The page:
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Thread: 1880's Pump Site, Total Wreck Mine, Arizona

  1. #1
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    Default 1880's Pump Site, Total Wreck Mine, Arizona

    The Total Wreck Mine was discovered in the Empire Mountains of southern Arizona in 1879, but development did not occur until a pump site was established on Cienega Creek several miles to the east. I believe that this was done around 1880. I have found one description of the water supply system: ďA powerfully geared pump was installed there and a six inch iron pipe laid to the top of a small hill just east of the camp. Two 50,000 gallon redwood tanks were built there, and a four-inch pipe line ran through the little town to the mill and furnished plenty of waterĒ. My interest in locating the pump site came after I mentioned to a friend that I had recently returned to the mine. He asked if I remembered us being to the pump site many years ago. His recollections were that there two old boilers and other relics lying about. I did not remember the trip and he could not recall its location. We got lucky and found the pump marked on a 1905 topo map of the area. I recently made my way to the pump site. It is not pristine but still quite interesting. There are two old boilers, the first 3-drum arrangement that I recall ever seeing. They are tumbled down. When they were upright, I estimate that they were more than 12 feet tall. There is no pump or engine. While I could guess at the pumpís location, I am not at all sure that I understand how things were really arranged. Many bricks and rock materials were imported to the site, but it was hard to tell exactly how they were used. Today, the bricks are stacked in one large pile and the rocks scattered about. Like a lot of old sites, there are a lot of nails scattered around. The difference here is that they are almost exclusively the older square shanked ones! A few hundred feet away is the ruin of an old multi-room adobe. It may have housed the pump operators. I walked quite a ways up the canyon away from the pump site. Nothing remains of the old pipeline to the mine. I have not returned to the mine to see if I could locate the site of the redwood tanks. I have more info and photos at:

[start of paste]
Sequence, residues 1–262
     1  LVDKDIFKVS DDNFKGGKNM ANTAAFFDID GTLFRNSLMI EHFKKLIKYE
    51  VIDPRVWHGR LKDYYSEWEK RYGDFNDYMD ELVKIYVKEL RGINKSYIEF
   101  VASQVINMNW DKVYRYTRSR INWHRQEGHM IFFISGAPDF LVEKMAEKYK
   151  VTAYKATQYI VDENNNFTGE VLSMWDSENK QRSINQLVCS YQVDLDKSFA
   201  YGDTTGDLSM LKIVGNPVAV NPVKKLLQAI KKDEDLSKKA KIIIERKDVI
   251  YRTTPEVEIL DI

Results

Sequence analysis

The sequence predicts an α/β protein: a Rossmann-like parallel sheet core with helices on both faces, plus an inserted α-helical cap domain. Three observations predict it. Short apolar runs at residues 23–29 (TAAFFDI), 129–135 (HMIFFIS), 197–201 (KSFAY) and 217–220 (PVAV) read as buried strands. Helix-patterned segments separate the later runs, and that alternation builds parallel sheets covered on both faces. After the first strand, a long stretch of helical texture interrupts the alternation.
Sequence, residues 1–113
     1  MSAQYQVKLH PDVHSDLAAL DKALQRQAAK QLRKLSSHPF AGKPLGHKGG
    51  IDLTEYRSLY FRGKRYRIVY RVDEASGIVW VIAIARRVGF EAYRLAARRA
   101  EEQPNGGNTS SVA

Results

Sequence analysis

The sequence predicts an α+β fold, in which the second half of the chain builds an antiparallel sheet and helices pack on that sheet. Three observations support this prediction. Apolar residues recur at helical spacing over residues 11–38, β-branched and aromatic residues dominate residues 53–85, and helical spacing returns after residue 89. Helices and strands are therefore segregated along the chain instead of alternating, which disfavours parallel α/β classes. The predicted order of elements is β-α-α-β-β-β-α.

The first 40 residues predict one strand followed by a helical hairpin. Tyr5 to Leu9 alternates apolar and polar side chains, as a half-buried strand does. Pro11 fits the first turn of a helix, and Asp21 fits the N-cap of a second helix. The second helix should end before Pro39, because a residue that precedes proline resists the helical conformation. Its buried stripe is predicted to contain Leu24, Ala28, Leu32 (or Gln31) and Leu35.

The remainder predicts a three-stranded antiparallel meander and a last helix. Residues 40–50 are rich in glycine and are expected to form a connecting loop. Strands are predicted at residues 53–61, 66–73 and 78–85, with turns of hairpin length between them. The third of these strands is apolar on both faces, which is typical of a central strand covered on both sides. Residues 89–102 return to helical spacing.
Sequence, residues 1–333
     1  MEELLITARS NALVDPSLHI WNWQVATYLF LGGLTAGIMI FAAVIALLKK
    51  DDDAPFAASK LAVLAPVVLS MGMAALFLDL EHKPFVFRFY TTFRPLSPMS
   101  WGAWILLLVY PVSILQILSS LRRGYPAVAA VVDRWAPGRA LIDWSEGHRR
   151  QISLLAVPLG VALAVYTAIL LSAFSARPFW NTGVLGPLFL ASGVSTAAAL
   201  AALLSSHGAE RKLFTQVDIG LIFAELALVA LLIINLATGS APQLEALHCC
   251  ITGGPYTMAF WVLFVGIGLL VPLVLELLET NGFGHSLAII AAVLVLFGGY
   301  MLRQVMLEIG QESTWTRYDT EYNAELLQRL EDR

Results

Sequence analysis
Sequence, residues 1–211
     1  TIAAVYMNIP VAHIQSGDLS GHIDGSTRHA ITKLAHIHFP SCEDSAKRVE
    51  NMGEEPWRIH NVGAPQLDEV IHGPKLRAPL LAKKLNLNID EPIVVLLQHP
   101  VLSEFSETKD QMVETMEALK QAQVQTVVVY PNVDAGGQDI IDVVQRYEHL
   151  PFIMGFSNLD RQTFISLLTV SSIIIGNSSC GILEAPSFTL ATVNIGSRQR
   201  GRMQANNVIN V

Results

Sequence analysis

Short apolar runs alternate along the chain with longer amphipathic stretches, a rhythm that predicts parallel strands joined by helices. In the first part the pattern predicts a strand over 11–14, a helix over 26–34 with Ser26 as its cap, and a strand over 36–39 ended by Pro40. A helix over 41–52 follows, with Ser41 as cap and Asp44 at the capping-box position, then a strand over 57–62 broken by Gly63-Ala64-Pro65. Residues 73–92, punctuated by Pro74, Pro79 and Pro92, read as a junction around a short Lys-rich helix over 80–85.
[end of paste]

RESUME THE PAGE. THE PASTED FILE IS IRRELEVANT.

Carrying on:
www.azbackcountryadventures.com/wreck.htm
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  2. #2
    Vulture's Avatar
    Vulture is offline Rock Crawlin GPS Moving Map Totin Trailblazing Expert Ghost Towner
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    What a find. I think there's actually more to the pump site than at the mill & town site. I'd never heard of this before.

    Great pics on your web site & the crop of the old topo map is cool.

    Although obscure there is still so much southern AZ history to discover. Your are really digging up the ghosts.

    <
    "The good things a person needs-stubbornness, thinking for himself-don't make him a useful member of society. What makes him useful is to be half dead." Sylvan Hart

  3. #3
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    The in-depth article with technical details on the referenced website is very interesting and a lot of work was put into that report, thanks. The original mill of twenty 950 pound stamps was pretty sophisticated for its day, back in the days when people used to really work and really manufacture things. Thanks again for posting that.

  4. #4
    campp's Avatar
    campp is offline Rawk Crawlin GPS Totin Ghost Towning Expert
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    Great report, thanks for posting. I love boilers and boiler sites, always interesting. Sounds like this one was salvaged/looted long ago. That wellhead has to be there hiding...

  5. #5
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    Great post! I have just put this on my to do list for the fall. Thanks for the cool pictures and description.
    "Life's not about how fast you can blast through it, but how slow you can go."
    matt@experience-az.com | www.experience-az.com

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